Common Name: Common Tansy (includes all varieties/cultivars)
Latin Name: Tanacetum vulgare L. formerly known as Chrysanthemum vulgare
Reviewer: Monika Chandler
Affiliation/Organization: Minnesota Department of Agriculture
File #: MDARA00031COTAN_2_24_2014
Review Entity | Outcome
Native to temperate Europe and Asia, common tansy began its history in North America as a useful species. Colonists deliberately imported it from Europe for medicinal, culinary, and insect repellent purposes. Tansy was used to treat a wide range of medical conditions such as worms, epilepsy, and gout (Short, 1746; Woodville, 1792; and Millspaugh, 1894) although overdoses were very serious and sometimes resulted in convulsions and death (Millspaugh, 1894). Illegal use of tansy as an abortifacient continued until the nineteenth century (Weber, 2003). Culinary uses included tansy cheese (Morrell, 1901) and as a flavoring of puddings, omelets, cakes, and tarts (Haughton, 1978), and Puritan Easter cakes (Peattie, 1936). Tansy leaves were rubbed on meat to prevent decay and repel flies (Haughton, 1978). Tansy was widely planted for its beneficial properties, but it escaped cultivation and became a problem.
By 1840, tansy was naturalized in many areas of Massachusetts (Commissioners on the Zoological and Botanical Survey of the State, date unknown) and was widely distributed in other areas of New England by 1869 (Maine Board of Agriculture, 1870). Pammel (1910) suggested that early Mormon settlers may have introduced tansy to Utah. Tansy is now recorded in every state except Alabama, Florida, Georgia, South Carolina, and Texas (USDA, NRCS 2013).
Tansy is a perennial plant with yellow, button-shaped flowerheads and leaves that are finely divided and resemble fern leaves. It grows to a height of 3-6 feet and often forms dense clumps. A study in Montana found that tansy plants can live up to ten years (Jacobs, 2008).
Brown, A., C. Edwards, T. Hartman, J. Marshall, R. Smith, M. Davey, J. Power and K. Lowe. 1999. Sexual hybrids of Tanacetum: biochemical, cytological and pharmacological characterization. Journal of Experimental Botany 50(33): 435-444.
Commissioners on the Zoological and Botanical Survey of the State. Reports on the herbaceous plants and on the quadrupeds of Massachusetts. Cambridge, MA. 1840.
Haughton, C.S. 1978. Tansy, pp. 370-374. Green Immigrants. Harcourt Brace Jovanovich, Inc., New York, NY.
Herrick, S. 2006. “Mapping the Extent of Invasive Plant Species on Wisconsin State Forest Land.” North Central Weed Science, Milwaukee, WI.
Hilty, J. 2010. Common tansy (Tanacetum vulgare crispum), [Online]. In: Illinois wildflowers--weedy wildflowers. John Hilty (Producer). 20 March 2010.
Jacobs, J. 2008. Ecology and management of common tansy (Tanacetum vulgare L.). Invasive Species Technical Note MT-18. Bozeman, MT: U.S. Department of Agriculture, Natural Resources Conservation Service, Montana State Office 12p.
Jogesh, T., D. Carpenter, and N. Cappuccino. 2008. Herbivory on invasive exotic plants and their non-invasive relatives. Biological Invasions 10:797-804.
Knight, A.P. and R.G. Walter. 2004. Plants associated with congenital defects and reproductive failure. A Guide to Plant Poisoning of Animals in North America, A.P. Knight and R.G. Walter (Eds.) International Veterinary Information Service. Itahaca, New York, USA.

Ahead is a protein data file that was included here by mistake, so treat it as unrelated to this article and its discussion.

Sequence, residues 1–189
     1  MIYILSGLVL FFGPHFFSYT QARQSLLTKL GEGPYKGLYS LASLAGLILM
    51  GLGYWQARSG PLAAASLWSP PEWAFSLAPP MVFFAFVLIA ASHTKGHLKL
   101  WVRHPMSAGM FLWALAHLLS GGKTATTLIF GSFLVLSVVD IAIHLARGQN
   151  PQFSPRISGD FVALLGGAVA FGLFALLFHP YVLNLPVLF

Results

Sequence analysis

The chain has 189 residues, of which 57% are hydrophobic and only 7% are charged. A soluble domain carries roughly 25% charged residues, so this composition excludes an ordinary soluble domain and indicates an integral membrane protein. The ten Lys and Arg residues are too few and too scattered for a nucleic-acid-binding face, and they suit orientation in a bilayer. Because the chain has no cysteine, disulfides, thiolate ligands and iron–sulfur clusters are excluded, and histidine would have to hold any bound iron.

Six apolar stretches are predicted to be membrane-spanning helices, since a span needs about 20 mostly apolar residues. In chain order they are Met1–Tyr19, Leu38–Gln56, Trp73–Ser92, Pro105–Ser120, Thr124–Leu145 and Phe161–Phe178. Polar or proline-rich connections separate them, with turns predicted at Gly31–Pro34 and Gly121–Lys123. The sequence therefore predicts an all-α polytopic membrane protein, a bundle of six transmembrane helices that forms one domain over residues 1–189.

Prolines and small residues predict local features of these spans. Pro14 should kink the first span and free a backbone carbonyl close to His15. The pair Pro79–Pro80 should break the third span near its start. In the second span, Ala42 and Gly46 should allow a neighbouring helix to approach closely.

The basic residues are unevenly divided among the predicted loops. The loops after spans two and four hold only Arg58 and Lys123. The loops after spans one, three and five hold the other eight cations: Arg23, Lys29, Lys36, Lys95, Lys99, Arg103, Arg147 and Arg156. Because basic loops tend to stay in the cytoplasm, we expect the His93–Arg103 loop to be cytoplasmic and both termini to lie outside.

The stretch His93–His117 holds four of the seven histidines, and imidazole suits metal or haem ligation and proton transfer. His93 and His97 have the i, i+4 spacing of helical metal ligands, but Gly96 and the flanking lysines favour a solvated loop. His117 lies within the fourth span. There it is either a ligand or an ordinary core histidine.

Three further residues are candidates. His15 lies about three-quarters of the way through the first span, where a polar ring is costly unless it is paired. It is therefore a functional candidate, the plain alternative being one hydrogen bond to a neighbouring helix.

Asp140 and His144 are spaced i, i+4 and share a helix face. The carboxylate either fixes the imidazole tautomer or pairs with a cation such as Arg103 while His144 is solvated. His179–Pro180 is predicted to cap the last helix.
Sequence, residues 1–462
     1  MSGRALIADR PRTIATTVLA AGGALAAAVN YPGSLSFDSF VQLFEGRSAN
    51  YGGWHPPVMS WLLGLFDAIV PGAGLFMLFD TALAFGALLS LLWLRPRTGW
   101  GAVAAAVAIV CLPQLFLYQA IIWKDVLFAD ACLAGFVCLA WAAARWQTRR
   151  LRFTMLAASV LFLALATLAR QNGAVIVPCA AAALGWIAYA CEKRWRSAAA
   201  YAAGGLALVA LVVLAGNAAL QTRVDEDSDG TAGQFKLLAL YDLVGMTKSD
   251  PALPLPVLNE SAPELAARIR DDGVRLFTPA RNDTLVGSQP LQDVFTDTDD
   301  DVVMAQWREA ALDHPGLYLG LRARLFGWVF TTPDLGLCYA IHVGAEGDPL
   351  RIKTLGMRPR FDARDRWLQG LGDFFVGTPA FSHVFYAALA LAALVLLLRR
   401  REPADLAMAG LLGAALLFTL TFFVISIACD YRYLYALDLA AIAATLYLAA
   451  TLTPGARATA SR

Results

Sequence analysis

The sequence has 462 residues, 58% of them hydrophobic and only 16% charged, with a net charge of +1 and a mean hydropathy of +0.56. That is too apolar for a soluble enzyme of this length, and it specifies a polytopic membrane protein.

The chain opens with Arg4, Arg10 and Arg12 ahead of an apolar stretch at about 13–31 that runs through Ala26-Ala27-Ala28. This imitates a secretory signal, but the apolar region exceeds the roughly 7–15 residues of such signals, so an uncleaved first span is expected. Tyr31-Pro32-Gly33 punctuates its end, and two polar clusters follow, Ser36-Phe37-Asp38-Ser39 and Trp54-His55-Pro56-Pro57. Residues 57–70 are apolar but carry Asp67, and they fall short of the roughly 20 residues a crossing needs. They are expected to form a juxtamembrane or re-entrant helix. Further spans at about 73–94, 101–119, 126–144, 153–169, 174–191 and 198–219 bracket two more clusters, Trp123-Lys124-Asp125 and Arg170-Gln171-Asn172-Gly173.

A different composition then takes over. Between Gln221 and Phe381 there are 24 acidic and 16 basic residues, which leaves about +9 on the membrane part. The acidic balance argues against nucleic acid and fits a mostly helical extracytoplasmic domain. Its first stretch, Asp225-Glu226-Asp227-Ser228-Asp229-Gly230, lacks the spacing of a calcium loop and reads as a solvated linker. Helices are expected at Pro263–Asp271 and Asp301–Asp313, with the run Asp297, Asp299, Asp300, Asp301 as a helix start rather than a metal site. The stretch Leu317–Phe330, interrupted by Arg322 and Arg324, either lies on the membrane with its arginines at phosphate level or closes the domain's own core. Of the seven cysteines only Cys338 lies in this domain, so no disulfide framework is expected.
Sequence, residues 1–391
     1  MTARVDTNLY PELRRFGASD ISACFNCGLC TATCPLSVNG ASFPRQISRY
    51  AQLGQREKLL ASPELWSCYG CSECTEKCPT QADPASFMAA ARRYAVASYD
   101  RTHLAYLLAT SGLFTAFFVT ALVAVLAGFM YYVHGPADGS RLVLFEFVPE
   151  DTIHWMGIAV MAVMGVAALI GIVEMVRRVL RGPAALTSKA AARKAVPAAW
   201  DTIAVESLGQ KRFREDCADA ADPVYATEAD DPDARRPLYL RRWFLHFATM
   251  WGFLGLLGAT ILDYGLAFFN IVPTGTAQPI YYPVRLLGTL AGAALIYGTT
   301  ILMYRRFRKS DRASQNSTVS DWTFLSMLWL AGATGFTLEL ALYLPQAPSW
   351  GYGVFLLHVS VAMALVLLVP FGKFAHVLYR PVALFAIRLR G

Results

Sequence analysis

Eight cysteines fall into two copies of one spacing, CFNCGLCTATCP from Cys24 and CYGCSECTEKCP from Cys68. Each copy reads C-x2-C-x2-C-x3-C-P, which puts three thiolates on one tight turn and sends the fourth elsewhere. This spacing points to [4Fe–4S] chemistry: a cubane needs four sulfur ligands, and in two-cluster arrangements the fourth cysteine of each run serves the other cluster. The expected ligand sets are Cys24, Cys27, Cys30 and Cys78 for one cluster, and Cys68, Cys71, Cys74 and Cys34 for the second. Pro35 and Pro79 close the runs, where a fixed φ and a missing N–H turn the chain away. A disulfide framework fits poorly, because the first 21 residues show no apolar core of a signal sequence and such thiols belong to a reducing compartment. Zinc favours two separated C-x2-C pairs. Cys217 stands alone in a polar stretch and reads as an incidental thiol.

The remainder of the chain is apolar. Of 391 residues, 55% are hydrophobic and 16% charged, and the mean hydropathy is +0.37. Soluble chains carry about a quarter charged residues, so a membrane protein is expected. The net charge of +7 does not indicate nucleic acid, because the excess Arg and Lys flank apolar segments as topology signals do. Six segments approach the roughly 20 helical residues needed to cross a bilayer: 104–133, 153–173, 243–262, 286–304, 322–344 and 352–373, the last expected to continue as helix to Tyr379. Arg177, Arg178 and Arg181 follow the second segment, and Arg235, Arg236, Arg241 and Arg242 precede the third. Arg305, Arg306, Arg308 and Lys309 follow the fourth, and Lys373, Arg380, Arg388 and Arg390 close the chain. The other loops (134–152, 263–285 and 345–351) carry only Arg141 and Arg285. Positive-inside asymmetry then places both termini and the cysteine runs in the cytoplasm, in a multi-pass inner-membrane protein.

Maine Board of Agriculture. Fourteenth Annual Report of the Maine Board of Agriculture for the Year 1869. Augusta, ME. 1870.
Millspaugh, C.F. 1892. Tanacetum, pp. 86-1 to 86-5. Medicinal plants: an illustrated and descriptive guide to plants indigenous to and naturalized in the United States. John C. Yorston and Co., Philadelphia, PA.
Morrell, J. 1901. Some Maine plants and their uses, “wise and otherwise”. Rhodora 3: 129-132.
Pålosson, K., T. Jaenson, P. Beckström and A.K. Borg-Karlson. 2008. Tick repellent substances in the essential oil of Tanacetum vulgare. Journal of Medical Entomology 45(1): 88-93.
Pammel, L.H. 1910. Rocky Mountain rambles. The Plant World 13(3): 181-190.
Panasiuk, O. 1983. Response of Colorado potato beetles, Leptinotarsa decemlineata (Say) to volatile components of tansy, Tanacetum vulgare. Journal of Chemical Ecology 10: 1325-1333.
Peattie, D.C. 1936. Old-Fashioned Garden Flowers. Botany Leaflet 19. Field Museum of Natural History, Chicago, IL.
Royer, F. and R. Dickinson. 1999. Common tansy, pp. 58-59. Weeds of the Northern U.S. and Canada. The University of Alberta Press, Edmonton, AB and Lone Pine Publishing, Renton, WA.
Short, T. 1746. Tansy (Tanacetum), pp. 284-285. Medicina Britannica: or a treatise on such physical plants, as are generally to be found in the fields or gardens in Great Britian: Containing a particular account of their nature, virtues and uses. B. Franklin and D. Hall, Third edition, Philadelphia, PA. First edition, London, England, 1745.
USDA, NRCS. 2013. The PLANTS Database. 11 August 2013. National Plant Data Team, Greensboro, NC 27401-4901 USA.
Weber, A.S. 2003. Women’s early modern medical almanacs in historical context. English Literary Renaissance 33(3): 358-402.
White, D.J. 1997. Tanacetum vulgare L.: Weed potential, biology, responses to herbivory, and prospects for classical biological control in Alberta. M.Sc., Department of Entomology, University of Alberta, Edmonton, Alberta.
Wolf, V., A. Gassmann, B. Classen, A. Smith, C. Müller. 2012. Genetic and chemical variation of Tanacetum vulgare in plants of native and invasive origin. Biological Control 61(3): 240-245.
Woodville, W. 1792. Tanacetum vulgare, pp. 314-316. Medical Botany, Volume II. Royal Colleges of Physicians of London and Edinburgh, London, England.